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What about the man? He is more inclined to good than to evil

The writer Maurizio Cucchi comments on two extraordinary books by Albert Camus: L’étranger and La peste

Albert Camus (1913–1960)

While being in the mood to read again something, I come back to my twenty years and I read again L’étranger and La peste. Wonderful the first, even at the third reading, praiseworthy the second.

As a benefit and encouragement to who do not remember the end of the first book, I report and translate it: “Very close to death, mom probably felt herself free and close to live again everything. […] So that everything could be consumed, and in order to feel myself less alone, I hope that many onlookers will be present at my execution and that they will welcome me with hatred shouts”.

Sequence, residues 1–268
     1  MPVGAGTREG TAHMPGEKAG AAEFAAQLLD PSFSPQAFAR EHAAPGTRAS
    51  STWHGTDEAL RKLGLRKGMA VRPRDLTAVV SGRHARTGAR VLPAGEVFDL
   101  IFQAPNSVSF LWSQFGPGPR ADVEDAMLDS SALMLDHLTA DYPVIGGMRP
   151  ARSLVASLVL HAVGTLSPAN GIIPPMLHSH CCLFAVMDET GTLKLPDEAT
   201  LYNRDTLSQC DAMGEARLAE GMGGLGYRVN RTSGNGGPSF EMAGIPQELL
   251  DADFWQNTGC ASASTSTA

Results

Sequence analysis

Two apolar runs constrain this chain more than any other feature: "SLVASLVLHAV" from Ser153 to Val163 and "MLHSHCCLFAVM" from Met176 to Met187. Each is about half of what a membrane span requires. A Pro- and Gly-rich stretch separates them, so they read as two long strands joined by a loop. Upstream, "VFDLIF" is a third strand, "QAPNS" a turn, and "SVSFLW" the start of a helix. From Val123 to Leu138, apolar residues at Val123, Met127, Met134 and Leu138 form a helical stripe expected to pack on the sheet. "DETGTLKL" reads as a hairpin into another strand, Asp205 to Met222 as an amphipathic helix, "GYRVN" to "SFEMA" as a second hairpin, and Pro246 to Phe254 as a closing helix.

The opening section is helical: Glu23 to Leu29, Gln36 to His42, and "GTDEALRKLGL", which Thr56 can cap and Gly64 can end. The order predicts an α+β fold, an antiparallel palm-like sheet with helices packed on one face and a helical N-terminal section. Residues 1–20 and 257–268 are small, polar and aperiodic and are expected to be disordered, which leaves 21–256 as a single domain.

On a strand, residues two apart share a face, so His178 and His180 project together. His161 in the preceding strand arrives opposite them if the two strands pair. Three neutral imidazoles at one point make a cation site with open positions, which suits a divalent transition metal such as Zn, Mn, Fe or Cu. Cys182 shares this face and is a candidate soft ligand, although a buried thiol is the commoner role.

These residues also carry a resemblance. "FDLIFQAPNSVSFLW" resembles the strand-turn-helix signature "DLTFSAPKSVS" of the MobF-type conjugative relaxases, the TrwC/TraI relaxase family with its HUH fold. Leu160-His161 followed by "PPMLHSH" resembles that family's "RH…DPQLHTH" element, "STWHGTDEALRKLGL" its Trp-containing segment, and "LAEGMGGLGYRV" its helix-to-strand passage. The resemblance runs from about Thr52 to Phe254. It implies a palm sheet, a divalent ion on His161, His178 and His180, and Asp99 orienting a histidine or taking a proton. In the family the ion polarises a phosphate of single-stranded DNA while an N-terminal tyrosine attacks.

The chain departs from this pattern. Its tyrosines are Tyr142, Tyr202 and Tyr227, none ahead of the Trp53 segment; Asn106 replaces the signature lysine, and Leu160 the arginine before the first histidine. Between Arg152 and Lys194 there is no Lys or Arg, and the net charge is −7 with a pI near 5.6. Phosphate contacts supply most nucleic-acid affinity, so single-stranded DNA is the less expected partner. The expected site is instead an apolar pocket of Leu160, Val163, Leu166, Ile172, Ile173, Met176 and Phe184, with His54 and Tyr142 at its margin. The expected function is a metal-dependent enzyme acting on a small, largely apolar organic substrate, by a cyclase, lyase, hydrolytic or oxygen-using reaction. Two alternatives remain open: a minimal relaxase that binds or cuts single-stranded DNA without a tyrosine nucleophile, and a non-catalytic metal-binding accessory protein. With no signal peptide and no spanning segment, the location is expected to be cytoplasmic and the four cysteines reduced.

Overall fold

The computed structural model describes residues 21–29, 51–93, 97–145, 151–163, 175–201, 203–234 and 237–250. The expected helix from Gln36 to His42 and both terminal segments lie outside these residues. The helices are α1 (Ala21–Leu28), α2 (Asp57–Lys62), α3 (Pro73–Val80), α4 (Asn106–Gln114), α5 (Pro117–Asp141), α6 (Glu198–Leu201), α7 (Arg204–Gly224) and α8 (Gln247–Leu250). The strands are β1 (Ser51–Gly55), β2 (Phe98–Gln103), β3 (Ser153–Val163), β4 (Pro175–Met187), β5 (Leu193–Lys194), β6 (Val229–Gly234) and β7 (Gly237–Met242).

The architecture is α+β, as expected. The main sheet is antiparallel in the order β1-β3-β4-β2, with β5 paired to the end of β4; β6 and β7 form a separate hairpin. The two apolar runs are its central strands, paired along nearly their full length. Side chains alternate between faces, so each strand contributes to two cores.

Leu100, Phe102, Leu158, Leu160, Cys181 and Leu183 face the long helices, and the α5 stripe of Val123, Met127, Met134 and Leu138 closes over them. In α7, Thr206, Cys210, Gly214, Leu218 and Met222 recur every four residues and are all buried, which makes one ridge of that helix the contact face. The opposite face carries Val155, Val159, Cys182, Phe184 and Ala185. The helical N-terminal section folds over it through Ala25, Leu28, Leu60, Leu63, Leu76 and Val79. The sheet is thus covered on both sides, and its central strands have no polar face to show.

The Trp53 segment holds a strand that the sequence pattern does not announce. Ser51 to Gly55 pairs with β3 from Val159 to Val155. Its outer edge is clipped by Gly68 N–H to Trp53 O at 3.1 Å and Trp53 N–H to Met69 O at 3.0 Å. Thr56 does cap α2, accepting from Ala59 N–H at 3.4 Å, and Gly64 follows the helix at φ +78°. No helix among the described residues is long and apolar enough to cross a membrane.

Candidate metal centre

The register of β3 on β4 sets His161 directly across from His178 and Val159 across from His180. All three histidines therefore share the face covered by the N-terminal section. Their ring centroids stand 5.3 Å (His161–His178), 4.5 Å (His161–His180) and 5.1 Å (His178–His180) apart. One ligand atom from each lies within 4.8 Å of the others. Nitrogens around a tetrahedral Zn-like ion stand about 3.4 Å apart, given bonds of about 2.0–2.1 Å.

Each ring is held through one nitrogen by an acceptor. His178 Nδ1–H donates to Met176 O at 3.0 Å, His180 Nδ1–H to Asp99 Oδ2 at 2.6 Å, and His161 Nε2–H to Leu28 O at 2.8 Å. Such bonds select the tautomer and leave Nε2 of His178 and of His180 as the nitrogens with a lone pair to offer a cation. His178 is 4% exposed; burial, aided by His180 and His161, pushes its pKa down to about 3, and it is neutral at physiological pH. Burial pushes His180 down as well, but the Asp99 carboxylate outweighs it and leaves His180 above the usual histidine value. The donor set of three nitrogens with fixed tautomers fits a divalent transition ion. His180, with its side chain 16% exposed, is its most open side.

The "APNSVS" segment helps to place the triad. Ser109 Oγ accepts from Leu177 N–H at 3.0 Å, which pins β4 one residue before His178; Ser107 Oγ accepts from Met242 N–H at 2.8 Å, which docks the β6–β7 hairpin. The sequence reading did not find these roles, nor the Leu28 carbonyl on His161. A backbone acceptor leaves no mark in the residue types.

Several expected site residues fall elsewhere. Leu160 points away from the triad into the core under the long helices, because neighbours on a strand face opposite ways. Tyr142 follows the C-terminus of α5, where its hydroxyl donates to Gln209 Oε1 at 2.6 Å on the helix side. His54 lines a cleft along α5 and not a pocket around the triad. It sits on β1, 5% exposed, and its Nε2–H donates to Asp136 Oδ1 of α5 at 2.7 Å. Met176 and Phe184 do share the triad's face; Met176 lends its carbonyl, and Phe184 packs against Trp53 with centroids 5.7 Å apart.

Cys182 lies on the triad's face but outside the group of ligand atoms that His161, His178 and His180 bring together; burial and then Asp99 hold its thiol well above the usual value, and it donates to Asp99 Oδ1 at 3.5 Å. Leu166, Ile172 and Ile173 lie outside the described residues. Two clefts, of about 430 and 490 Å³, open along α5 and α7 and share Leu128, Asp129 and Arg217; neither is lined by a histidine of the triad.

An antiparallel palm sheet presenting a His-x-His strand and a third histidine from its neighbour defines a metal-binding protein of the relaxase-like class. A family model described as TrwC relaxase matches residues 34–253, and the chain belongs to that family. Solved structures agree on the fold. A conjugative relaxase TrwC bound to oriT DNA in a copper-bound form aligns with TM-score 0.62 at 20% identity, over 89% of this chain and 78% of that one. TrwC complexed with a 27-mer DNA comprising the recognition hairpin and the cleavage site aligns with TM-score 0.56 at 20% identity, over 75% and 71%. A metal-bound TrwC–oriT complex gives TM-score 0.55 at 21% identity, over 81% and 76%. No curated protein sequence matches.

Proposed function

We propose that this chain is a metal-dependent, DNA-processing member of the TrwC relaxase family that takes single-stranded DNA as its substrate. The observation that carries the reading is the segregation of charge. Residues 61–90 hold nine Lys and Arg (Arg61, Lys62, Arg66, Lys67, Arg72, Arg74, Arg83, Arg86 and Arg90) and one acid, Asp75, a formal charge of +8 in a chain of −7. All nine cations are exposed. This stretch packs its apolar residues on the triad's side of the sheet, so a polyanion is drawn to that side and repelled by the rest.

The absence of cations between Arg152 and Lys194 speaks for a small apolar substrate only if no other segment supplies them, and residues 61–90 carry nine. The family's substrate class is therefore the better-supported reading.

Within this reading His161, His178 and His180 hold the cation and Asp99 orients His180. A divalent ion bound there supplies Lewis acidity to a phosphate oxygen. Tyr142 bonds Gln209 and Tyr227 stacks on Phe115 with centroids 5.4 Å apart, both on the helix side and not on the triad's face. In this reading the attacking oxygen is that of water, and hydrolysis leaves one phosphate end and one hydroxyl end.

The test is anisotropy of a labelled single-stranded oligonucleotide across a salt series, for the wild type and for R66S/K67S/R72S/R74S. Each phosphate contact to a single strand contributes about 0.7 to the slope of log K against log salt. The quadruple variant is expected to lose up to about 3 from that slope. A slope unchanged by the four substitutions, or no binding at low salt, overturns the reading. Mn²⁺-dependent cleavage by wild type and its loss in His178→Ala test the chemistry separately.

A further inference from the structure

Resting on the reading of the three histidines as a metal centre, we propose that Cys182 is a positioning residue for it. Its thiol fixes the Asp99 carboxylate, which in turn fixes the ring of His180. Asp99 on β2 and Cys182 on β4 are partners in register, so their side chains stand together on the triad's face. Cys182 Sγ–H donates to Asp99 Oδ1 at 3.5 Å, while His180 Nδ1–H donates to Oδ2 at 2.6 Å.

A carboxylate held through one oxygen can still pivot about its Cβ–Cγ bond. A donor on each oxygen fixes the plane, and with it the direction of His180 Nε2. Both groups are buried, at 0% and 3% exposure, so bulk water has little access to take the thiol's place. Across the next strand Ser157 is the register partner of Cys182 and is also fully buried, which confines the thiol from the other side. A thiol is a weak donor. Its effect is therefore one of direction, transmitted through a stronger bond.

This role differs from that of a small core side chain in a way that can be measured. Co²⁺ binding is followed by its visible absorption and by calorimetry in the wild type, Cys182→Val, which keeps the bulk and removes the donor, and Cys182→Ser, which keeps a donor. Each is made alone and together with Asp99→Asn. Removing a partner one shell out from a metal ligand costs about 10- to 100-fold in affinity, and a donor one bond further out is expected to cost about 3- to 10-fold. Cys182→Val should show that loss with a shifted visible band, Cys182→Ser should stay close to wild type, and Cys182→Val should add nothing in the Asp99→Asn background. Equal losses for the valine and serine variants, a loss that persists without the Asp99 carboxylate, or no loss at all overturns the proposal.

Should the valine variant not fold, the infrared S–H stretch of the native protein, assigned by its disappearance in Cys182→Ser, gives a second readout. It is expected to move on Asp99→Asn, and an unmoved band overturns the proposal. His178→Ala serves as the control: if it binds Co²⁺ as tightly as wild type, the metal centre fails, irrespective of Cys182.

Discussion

And in La peste, very noble novel in which everything is controlled by the intention, Camus expresses the firm belief, that I share (and that is against the widespread commonplace), that the man is more inclined to do the good than the evil, even if the pest bacillus never dead and disappears.


by Maurizio Cucchi
04 may 2009, Food Notes > Miscellanea

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